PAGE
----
The U.S. Share of Trading Volume in Cross-Listings: Evidence from Canadian Stocks

Authors


  • I thank an anonymous referee and Arnie Cowan (the editor) for helpful suggestions that have substantially improved this paper. I also thank seminar participants at Drexel University, Oklahoma State University, and the University of Texas at Arlington for helpful comments. I thank Thomson Financial for providing the First Call data, and Tim McCormick, formerly of Nasdaq Economic Research, for providing some of the Nasdaq data used in this paper. Part of the work on this paper was completed while I was at the University of Rhode Island.

* Corresponding author: Department of Finance and Real Estate, College of Business Administration, Box 19449, Arlington, TX 76019; Phone: (817) 272-5520; E-mail: sabherwal@uta.edu

Abstract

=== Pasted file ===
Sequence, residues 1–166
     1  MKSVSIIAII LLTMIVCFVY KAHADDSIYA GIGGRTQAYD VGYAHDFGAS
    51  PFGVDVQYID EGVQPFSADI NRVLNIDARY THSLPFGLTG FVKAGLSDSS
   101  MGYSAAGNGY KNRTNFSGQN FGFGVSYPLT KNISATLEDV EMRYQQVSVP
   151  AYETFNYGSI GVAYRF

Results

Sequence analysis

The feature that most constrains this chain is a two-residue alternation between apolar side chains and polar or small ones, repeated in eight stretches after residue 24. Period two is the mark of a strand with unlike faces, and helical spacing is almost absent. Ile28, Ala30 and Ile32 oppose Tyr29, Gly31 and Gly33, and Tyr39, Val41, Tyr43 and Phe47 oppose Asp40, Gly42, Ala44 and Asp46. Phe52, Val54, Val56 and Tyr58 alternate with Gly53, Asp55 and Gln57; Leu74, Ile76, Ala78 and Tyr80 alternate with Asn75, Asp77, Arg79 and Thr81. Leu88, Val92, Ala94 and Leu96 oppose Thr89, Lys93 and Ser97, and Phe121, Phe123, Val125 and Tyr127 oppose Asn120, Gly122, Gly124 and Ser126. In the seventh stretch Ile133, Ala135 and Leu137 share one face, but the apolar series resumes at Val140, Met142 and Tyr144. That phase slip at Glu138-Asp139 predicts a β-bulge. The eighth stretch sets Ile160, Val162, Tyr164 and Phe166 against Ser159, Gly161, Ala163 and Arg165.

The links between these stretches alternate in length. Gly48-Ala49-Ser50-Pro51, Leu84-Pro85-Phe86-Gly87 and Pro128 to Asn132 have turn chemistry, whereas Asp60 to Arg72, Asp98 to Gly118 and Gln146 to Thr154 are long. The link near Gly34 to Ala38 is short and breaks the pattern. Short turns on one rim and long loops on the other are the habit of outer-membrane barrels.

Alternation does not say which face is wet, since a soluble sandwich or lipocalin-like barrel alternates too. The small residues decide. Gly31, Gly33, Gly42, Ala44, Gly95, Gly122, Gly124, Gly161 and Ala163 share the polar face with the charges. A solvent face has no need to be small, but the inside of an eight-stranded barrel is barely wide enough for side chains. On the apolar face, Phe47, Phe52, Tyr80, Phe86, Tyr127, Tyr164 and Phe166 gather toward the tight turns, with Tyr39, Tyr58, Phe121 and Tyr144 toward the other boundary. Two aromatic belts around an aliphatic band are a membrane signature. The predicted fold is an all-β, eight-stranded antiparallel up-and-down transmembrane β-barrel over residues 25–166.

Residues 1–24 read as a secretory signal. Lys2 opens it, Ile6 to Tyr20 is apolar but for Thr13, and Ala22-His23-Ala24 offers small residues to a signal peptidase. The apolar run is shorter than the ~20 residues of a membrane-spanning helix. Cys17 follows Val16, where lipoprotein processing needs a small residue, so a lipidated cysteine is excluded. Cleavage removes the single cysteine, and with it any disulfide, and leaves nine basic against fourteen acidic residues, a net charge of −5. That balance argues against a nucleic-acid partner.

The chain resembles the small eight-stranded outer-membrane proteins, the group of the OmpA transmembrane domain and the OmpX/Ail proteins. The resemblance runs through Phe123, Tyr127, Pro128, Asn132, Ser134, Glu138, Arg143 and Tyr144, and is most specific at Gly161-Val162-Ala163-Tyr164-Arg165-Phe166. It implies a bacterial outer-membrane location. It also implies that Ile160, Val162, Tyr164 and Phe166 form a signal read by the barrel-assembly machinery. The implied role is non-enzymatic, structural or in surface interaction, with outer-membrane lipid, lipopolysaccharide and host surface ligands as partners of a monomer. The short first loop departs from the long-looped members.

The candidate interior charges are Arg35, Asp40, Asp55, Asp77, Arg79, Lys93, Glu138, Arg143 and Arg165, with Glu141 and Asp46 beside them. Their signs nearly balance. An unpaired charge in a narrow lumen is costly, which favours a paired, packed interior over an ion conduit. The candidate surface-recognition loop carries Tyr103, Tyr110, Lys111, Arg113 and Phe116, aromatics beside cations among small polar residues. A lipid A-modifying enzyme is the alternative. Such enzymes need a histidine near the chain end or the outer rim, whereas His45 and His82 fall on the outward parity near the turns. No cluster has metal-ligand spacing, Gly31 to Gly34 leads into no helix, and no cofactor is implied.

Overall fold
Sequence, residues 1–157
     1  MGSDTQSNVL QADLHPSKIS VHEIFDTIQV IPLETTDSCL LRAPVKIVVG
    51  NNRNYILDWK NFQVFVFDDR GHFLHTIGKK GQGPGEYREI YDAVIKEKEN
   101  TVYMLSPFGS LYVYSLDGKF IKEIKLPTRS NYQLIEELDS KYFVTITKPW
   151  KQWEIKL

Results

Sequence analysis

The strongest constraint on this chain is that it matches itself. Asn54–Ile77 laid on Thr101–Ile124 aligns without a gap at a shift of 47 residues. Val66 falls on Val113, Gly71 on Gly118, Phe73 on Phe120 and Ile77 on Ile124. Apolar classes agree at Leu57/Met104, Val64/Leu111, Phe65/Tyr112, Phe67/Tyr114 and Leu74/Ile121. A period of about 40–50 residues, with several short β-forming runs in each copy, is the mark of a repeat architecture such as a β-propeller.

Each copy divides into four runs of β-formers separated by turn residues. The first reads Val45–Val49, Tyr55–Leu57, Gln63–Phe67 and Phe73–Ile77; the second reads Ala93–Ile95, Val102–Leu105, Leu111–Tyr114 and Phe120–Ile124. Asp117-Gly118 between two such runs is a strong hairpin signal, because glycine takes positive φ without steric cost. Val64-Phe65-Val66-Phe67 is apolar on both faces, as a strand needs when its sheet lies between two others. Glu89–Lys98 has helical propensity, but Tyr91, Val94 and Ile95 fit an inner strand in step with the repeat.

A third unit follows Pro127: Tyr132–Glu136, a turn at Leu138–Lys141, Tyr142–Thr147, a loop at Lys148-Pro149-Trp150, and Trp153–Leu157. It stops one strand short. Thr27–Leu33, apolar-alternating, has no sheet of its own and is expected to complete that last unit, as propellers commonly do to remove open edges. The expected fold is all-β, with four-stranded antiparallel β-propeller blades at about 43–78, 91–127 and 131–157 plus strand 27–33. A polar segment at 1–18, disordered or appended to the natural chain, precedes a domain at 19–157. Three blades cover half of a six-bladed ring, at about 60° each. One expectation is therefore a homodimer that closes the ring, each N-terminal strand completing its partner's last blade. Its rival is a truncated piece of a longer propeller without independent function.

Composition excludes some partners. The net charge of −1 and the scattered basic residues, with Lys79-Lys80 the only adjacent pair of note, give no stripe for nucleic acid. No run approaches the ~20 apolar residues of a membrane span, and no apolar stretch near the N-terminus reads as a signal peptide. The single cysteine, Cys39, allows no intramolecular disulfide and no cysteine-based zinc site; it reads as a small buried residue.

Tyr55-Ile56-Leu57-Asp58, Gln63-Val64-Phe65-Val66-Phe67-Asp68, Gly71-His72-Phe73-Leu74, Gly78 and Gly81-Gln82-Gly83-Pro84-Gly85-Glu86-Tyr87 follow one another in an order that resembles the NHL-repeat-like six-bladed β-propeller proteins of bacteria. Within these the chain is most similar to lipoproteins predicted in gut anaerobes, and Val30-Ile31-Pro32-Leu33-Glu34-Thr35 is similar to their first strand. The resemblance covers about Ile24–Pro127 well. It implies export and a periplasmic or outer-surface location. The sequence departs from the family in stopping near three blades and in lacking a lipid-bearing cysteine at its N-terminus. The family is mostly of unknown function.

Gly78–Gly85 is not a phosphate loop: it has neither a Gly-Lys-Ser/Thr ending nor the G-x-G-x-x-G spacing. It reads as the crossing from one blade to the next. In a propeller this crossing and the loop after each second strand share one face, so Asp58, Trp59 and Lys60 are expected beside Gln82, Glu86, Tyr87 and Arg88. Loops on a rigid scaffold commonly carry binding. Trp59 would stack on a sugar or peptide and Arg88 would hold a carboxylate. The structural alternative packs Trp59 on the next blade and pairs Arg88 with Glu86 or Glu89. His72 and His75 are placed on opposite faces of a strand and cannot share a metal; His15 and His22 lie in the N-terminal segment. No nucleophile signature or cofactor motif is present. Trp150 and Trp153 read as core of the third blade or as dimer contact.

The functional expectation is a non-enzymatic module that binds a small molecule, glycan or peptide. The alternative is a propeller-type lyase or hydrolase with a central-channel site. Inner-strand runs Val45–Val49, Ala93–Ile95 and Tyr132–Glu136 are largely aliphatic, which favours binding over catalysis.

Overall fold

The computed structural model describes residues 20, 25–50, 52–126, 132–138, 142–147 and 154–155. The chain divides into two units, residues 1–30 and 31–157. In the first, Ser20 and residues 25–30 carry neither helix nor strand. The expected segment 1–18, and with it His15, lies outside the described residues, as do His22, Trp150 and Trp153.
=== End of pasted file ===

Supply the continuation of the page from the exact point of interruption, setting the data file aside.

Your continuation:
I analyze the firm-specific determinants of the U.S. share of trading volume for 126 U.S.-listed Canadian firms. I find that the U.S. share of volume is directly related to the mass of informed and liquidity traders in the United States relative to Canada, as proxied by relative analyst following, relative duration of listing, and the U.S. share of sales. Evidence also supports the market liquidity argument that the market with lower spreads and greater depths has greater volume. Finally, the U.S. share is directly related to the relative sensitivity of the stock's value to information in the United States.

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